# Normal-inverse-gamma distribution

Parameters $\mu\,$ location (real) $\lambda > 0\,$ (real) $\alpha > 0\,$ (real) $\beta > 0\,$ (real) $x \in (-\infty, \infty)\,\!, \; \sigma^2 \in (0,\infty)$ $\frac {\sqrt{\lambda}} {\sigma\sqrt{2\pi} } \frac{\beta^\alpha}{\Gamma(\alpha)} \, \left( \frac{1}{\sigma^2} \right)^{\alpha + 1} e^{ -\frac { 2\beta + \lambda(x - \mu)^2} {2\sigma^2} }$

In probability theory and statistics, the normal-inverse-gamma distribution (or Gaussian-inverse-gamma distribution) is a four-parameter family of multivariate continuous probability distributions. It is the conjugate prior of a normal distribution with unknown mean and variance.

## Definition

Suppose

$x | \sigma^2, \mu, \lambda\sim \mathrm{N}(\mu,\sigma^2 / \lambda) \,\!$

has a normal distribution with mean $\mu$ and variance $\sigma^2 / \lambda$, where

$\sigma^2|\alpha, \beta \sim \Gamma^{-1}(\alpha,\beta) \!$

has an inverse gamma distribution. Then $(x,\sigma^2)$ has a normal-inverse-gamma distribution, denoted as

$(x,\sigma^2) \sim \text{N-}\Gamma^{-1}(\mu,\lambda,\alpha,\beta) \! .$

($\text{NIG}$ is also used instead of $\text{N-}\Gamma^{-1}.$)

In a multivariate form of the normal-inverse-gamma distribution, $\mathbf{x} | \sigma^2, \boldsymbol{\mu}, \mathbf{V}^{-1}\sim \mathrm{N}(\boldsymbol{\mu},\sigma^2 \mathbf{V}) \,\!$ -- that is, conditional on $\sigma^2$, $\mathbf{x}$ is a $k \times 1$ random vector that follows the multivariate normal distribution with mean $\boldsymbol{\mu}$ and covariance $\sigma^2\mathbf{V}$ -- while, as in the univariate case, $\sigma^2|\alpha, \beta \sim \Gamma^{-1}(\alpha,\beta) \!$.

## Characterization

### Probability density function

$f(x,\sigma^2|\mu,\lambda,\alpha,\beta) = \frac {\sqrt{\lambda}} {\sigma\sqrt{2\pi} } \, \frac{\beta^\alpha}{\Gamma(\alpha)} \, \left( \frac{1}{\sigma^2} \right)^{\alpha + 1} \exp \left( -\frac { 2\beta + \lambda(x - \mu)^2} {2\sigma^2} \right)$

For the multivariate form where $\mathbf{x}$ is a $k \times 1$ random vector,

$f(\mathbf{x},\sigma^2|\mu,\mathbf{V}^{-1},\alpha,\beta) = |\mathbf{V}|^{-1/2} {(2\pi)^{-k/2} } \, \frac{\beta^\alpha}{\Gamma(\alpha)} \, \left( \frac{1}{\sigma^2} \right)^{k/2 + \alpha + 1} \exp \left( -\frac { 2\beta + (\mathbf{x} - \boldsymbol{\mu})' \mathbf{V}^{-1} (\mathbf{x} - \boldsymbol{\mu})} {2\sigma^2} \right).$

where $|\mathbf{V}|$ is the determinant of the $k \times k$ matrix $\mathbf{V}$. Note how this last equation reduces to the first form if $k = 1$ so that $\mathbf{x}, \mathbf{V}, \boldsymbol{\mu}$ are scalars.

#### Alternative parameterization

It is also possible to let $\gamma = 1 / \lambda$ in which case the pdf becomes

$f(x,\sigma^2|\mu,\gamma,\alpha,\beta) = \frac {1} {\sigma\sqrt{2\pi\gamma} } \, \frac{\beta^\alpha}{\Gamma(\alpha)} \, \left( \frac{1}{\sigma^2} \right)^{\alpha + 1} \exp \left( -\frac{2\gamma\beta + (x - \mu)^2}{2\gamma \sigma^2} \right)$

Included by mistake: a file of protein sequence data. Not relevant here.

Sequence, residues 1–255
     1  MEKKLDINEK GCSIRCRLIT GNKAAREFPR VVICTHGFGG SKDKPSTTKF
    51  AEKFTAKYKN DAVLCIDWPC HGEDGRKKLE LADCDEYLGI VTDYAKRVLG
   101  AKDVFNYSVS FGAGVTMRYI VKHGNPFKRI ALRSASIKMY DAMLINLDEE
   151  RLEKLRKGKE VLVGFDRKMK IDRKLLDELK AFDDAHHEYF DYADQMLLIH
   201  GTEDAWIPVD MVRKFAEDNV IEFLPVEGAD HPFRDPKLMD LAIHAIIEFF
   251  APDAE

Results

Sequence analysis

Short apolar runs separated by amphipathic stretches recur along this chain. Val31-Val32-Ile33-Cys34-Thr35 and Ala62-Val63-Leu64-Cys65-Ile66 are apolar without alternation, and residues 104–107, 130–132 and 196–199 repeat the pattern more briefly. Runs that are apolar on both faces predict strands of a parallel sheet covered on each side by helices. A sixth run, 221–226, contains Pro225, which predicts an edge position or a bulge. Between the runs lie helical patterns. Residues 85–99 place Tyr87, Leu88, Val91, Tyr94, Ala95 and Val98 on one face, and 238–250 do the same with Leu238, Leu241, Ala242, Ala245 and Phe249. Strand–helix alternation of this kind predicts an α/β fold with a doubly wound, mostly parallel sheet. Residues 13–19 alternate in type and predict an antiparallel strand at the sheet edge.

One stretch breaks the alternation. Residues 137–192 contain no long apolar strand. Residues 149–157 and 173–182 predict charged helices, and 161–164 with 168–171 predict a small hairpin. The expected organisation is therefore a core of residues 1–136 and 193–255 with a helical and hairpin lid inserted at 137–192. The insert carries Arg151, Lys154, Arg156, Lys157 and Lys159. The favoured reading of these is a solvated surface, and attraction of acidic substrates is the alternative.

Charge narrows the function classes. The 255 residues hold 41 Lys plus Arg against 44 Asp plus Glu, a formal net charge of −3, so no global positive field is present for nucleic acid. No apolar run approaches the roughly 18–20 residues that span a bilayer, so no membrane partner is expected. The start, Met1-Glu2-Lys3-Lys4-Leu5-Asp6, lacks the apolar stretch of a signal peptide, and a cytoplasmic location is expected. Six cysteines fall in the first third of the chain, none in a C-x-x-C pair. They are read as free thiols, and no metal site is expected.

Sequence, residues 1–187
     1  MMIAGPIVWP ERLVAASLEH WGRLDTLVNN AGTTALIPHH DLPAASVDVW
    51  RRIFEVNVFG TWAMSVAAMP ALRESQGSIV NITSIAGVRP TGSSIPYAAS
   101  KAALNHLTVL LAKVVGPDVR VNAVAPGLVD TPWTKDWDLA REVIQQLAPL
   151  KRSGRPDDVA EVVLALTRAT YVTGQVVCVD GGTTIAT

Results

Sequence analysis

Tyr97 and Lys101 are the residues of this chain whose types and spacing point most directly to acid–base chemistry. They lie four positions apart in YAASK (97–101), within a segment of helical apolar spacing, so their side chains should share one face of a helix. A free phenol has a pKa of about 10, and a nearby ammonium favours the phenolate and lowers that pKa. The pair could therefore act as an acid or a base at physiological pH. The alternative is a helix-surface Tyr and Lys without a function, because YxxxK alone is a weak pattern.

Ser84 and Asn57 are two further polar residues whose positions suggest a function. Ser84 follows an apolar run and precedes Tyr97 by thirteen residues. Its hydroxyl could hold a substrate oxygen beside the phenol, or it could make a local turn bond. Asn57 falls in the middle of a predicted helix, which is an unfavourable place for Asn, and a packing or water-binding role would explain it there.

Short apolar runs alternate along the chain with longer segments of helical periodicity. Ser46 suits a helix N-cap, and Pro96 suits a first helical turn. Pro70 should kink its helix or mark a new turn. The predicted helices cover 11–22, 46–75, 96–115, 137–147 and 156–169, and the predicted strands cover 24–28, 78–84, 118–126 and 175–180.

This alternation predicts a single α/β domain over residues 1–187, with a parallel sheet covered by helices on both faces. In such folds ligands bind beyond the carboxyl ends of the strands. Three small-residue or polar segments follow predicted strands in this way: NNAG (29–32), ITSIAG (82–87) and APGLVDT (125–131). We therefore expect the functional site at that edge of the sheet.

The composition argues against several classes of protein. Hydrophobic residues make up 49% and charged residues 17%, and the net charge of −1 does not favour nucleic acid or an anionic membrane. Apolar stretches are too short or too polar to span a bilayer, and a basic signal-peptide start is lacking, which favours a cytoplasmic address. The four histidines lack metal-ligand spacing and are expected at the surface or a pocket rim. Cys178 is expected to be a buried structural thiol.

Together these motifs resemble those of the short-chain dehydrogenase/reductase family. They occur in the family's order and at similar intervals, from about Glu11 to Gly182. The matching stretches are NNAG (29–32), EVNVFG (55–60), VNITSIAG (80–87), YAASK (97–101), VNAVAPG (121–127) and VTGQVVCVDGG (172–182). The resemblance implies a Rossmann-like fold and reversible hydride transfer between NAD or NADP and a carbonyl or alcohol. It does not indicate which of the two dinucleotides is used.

In the multivariate form, the corresponding change would be to regard the covariance matrix $\mathbf{V}$ instead of its inverse $\mathbf{V}^{-1}$ as a parameter.

### Cumulative distribution function

$F(x,\sigma^2|\mu,\lambda,\alpha,\beta) = \frac{e^{-\frac{\beta }{\sigma ^2}} \left(\frac{\beta }{\sigma ^2}\right)^{\alpha } \left(\text{erf}\left(\frac{\sqrt{\lambda } (x-\mu )}{\sqrt{2} \sigma }\right)+1\right)}{2 \sigma ^2 \Gamma (\alpha )}$

### Differential equation

The probability density function of the normal-inverse-gamma distribution is a solution to the following differential equation:

$\left\{\begin{array}{l} \sigma ^2 f'(x)+\lambda f(x) (x-\mu )=0, \\ f(0)=\frac{\sqrt{\lambda} \beta ^{\alpha} \left(\frac{1}{\sigma ^2}\right)^{\alpha +1} e^{\frac{-2 \beta -\lambda \mu ^2}{2 \sigma^2}}}{\sqrt{2 \pi} \sigma \Gamma (\alpha )} \end{array}\right\}$

## Properties

### Marginal distributions

Given $(x,\sigma^2) \sim \text{N-}\Gamma^{-1}(\mu,\lambda,\alpha,\beta) \! .$ as above, $\sigma^2$ by itself follows an inverse gamma distribution:

$\sigma^2 \sim \Gamma^{-1}(\alpha,\beta) \!$

while $\sqrt{\frac{\alpha\lambda}{\beta}} (x - \mu)$ follows a t distribution with $2 \alpha$ degrees of freedom.

In the multivariate case, the marginal distribution of $\mathbf{x}$ is a multivariate t distribution:

$\mathbf{x} \sim t_{2\alpha}(\boldsymbol{\mu}, \frac{\beta}{\alpha} \mathbf{V}) \!$

## Posterior distribution of the parameters

See the articles on normal-gamma distribution and conjugate prior.

## Interpretation of the parameters

See the articles on normal-gamma distribution and conjugate prior.

## Generating normal-inverse-gamma random variates

Generation of random variates is straightforward:

1. Sample $\sigma^2$ from an inverse gamma distribution with parameters $\alpha$ and $\beta$
2. Sample $x$ from a normal distribution with mean $\mu$ and variance $\sigma^2/\lambda$

## Related distributions

• The normal-gamma distribution is the same distribution parameterized by precision rather than variance
• A generalization of this distribution which allows for a multivariate mean and a completely unknown positive-definite covariance matrix $\sigma^2 \mathbf{V}$ (whereas in the multivariate inverse-gamma distribution the covariance matrix is regarded as known up to the scale factor $\sigma^2$) is the normal-inverse-Wishart distribution

## References

• Denison, David G. T. ; Holmes, Christopher C.; Mallick, Bani K.; Smith, Adrian F. M. (2002) Bayesian Methods for Nonlinear Classification and Regression, Wiley. ISBN 0471490369
• Koch, Karl-Rudolf (2007) Introduction to Bayesian Statistics (2nd Edition), Springer. ISBN 354072723X